As far as letters of introduction to the big nationals? Well, unless you have competitive and/or national clips - i.e. unless you write for their competitors - I think this is a waste of time. Too many people are willing to do the upfront work and craft good query letters, and if you were an editor, who would you rather assign to - someone who took the time to put together a query that demonstrated their skills or someone who sent off a generic introduction letter. (I don't mean to say that intro letters never work. They do, and I use them these days, but I do think that you have to be established in the industry for them to garner any attention or weight.)

've also said this before (search the archives), but FOBs are a fabulous place to break in. Editors are more willing to take a chance on a new writer when the assignment is only 250 words rather than 2000.

So, that's my breaking in advice. Anyone out there have other tips? Or disagree with me? (Hey, you can!)

Monday, November 12, 2007

Why You Should Care

I already noted last week why I care about the strike, but I wanted to pass on this great blog entry from Erik Sherman on why, if you're a freelance writer, you should care too.

Smells Like Something's Burning

On one of my writers' boards, we've been chatting about burn out, and the thread has been so fascinating as writer after writer tip-toes forward, raising his or her figurative hand and says, "Um, yeah, me too."

think that people assume that freelance writing is a thrill-a-minute...after all, you get to pick and choose your assignments, you work for yourself, you set your own hours, etc. But the reality is far different. In fact, many full-time writers take on any and all assignments in order to sustain themselves, and while in theory, we should be setting our own hours, we're so overburdened with work (or stress) that we work nearly all the time. Not to mention develop a pesky problem with saying "no," even when we are overworked because we always fear that the famine is never too far from the feast.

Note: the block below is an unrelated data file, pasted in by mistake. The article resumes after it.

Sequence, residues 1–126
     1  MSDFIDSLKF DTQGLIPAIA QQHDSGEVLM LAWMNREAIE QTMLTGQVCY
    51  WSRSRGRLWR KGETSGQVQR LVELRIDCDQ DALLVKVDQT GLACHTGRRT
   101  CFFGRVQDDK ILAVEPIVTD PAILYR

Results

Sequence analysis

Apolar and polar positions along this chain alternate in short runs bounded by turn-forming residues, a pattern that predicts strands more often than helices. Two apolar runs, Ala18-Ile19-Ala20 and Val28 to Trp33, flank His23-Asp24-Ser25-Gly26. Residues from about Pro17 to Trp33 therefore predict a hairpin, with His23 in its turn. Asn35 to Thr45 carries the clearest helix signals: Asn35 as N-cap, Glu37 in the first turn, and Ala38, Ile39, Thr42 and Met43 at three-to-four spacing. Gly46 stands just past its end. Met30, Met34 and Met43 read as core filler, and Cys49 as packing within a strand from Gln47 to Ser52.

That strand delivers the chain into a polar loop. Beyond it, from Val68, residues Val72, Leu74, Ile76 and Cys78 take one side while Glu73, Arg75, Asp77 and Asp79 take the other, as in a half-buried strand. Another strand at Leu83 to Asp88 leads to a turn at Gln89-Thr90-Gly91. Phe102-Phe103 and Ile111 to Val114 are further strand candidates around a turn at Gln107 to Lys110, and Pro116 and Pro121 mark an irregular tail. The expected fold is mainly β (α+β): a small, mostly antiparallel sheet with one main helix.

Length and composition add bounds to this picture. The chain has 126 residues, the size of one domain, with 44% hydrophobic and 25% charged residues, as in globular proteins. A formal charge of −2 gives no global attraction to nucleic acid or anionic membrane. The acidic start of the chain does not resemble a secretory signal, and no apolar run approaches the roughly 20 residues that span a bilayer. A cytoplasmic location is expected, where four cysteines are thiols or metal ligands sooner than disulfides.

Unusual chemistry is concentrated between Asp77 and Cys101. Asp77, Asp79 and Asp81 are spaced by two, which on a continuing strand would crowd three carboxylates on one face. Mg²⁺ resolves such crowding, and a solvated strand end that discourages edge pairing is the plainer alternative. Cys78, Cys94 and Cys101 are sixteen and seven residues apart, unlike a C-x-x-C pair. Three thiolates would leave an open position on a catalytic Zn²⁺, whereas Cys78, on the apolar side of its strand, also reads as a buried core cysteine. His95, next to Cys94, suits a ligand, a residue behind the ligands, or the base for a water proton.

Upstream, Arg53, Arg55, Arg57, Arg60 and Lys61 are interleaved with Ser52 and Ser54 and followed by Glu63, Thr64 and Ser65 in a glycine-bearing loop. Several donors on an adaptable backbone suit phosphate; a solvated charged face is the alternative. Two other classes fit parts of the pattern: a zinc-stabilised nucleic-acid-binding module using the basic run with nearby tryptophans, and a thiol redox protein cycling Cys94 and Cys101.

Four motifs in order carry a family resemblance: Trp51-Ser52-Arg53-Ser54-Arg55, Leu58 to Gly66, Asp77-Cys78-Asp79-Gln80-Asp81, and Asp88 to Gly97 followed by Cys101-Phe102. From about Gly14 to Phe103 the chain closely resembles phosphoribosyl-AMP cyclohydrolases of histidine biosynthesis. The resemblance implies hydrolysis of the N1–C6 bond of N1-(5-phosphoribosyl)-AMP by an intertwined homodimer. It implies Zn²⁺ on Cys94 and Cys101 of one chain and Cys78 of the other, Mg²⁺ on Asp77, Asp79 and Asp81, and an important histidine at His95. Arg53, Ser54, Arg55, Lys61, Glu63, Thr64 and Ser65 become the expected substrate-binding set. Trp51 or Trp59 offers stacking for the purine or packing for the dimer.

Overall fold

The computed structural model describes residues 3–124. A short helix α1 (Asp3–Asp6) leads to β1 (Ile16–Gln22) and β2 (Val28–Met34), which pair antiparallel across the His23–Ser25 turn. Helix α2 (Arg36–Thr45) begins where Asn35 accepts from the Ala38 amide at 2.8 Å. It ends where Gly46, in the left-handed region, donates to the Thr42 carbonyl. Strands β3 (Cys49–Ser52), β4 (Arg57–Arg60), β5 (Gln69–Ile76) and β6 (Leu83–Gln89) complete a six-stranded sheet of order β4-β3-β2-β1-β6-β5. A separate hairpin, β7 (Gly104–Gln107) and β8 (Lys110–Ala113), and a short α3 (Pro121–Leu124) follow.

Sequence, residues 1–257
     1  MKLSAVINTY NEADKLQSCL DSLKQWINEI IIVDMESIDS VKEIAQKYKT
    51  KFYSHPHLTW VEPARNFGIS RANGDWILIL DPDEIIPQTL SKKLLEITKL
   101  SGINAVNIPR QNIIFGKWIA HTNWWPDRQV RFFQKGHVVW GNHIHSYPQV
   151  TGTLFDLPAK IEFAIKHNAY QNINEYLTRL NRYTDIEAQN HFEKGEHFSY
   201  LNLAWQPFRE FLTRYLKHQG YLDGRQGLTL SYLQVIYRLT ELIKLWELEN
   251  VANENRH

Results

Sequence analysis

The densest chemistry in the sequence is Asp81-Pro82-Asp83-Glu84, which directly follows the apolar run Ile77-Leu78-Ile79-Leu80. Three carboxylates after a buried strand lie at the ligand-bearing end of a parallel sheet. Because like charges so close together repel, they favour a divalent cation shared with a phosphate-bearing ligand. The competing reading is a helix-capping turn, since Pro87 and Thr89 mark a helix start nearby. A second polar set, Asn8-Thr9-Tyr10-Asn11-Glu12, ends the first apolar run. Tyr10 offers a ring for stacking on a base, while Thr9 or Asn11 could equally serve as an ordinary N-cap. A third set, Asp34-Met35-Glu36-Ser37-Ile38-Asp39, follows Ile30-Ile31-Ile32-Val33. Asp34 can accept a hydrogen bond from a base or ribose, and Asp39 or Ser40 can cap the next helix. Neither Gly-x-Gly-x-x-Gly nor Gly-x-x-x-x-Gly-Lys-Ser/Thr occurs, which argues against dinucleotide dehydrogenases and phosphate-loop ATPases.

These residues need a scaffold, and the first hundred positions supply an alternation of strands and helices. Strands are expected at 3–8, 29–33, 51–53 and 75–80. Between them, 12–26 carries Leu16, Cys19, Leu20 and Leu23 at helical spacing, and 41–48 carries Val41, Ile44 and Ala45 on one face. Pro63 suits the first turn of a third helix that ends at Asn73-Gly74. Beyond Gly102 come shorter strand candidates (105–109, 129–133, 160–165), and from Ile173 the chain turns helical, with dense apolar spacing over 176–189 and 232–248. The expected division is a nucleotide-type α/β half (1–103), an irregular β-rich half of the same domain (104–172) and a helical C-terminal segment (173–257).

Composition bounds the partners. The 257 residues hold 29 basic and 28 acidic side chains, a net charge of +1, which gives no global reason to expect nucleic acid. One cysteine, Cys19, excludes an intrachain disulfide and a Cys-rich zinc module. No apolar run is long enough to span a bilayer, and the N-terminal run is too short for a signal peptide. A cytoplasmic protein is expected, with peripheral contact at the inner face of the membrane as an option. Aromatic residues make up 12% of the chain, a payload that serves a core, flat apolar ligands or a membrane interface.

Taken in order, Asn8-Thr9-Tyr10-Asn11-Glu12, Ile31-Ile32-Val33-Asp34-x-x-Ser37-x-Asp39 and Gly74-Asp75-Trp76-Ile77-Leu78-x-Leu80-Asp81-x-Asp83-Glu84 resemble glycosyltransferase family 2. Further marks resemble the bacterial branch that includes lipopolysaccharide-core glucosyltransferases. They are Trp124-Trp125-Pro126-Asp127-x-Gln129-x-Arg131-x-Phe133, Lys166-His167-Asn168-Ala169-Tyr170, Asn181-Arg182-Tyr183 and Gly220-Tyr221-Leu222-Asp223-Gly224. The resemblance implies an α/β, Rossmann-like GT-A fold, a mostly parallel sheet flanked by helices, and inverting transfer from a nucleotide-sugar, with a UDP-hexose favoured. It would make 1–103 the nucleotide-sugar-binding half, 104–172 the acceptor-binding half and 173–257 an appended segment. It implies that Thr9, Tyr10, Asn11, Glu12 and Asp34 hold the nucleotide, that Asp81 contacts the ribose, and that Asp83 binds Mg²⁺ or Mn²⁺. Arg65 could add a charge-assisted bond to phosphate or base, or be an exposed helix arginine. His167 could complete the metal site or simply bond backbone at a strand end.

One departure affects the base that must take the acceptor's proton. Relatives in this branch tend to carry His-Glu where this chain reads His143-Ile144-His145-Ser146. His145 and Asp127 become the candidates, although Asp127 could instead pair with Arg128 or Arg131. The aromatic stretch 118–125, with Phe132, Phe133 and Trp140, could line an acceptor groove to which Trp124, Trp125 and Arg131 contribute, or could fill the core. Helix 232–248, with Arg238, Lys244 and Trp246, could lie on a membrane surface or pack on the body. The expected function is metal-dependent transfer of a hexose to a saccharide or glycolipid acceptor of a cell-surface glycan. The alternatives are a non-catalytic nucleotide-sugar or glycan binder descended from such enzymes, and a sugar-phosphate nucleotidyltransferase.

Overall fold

I know of what I speak.

I hit my first serious bout of burn out when my son, now 3, was about five months old, so, I guess that was about two and half years ago. I didn't take that much time off when I had him, not because I couldn't do so financially, but because I found myself a little bit bored and looking for some stimulation when he was a newborn and all he did was sleep or nurse all day...and that left me with not a whole lot to do other than change his diaper, pop out a boob or watch TV. So I got back in the saddle pretty quickly, and then, bam! A few months later, I looked at all of my assignments with boat loads of resentment. So I downshifted a bit - started querying less and reevaluating what my long-term goals were - and that's when I started really honing my fiction, which I took to with passion that I had long lost for my magazine assignments.

And I discovered that I wasn't burned out on writing. I was burned out on the writing that I had done for the past five or so years. After I wrapped TDLF, I picked up the pace on magazine work again...I'm someone who likes to stay busy, and this seemed like the best way to fill that void. But now, several years later, once again, I'm facing a serious rash of burn out, so again, I'm trying to flex different muscles with the fiction thing and taking my magazine work in different directions: doing more celebrity interviews because I think they're a hoot, hand-picking assignments that really get my cerebral juices flowing, and yes, saying no to work that I know will render me brain-dead. (I should note, however, that I didn't make the same mistake twice: that after my daughter was born, I did make sure to take some necessary time off, even if it was just to hang around and nurse in front of the TV because I knew that this downtime would pay off, in terms of my level of interest in my work, in the future.)

It's a tricky balance: finding enough work to sustain me and finding the right work to do just that, but not taking on so much that I'm pissed off just thinking about my to-do list or am forced to spend my nights crouched over my computer when I should be snuggling up with my husband and watching 30 Rock. (Tangent: who saw last week's episode? Seriously? That post-Kenneth's party scene?? Was it not the funniest thing on TV in ages????)

Anyway, have any of you guys dealt with burn out? If so, how have you coped?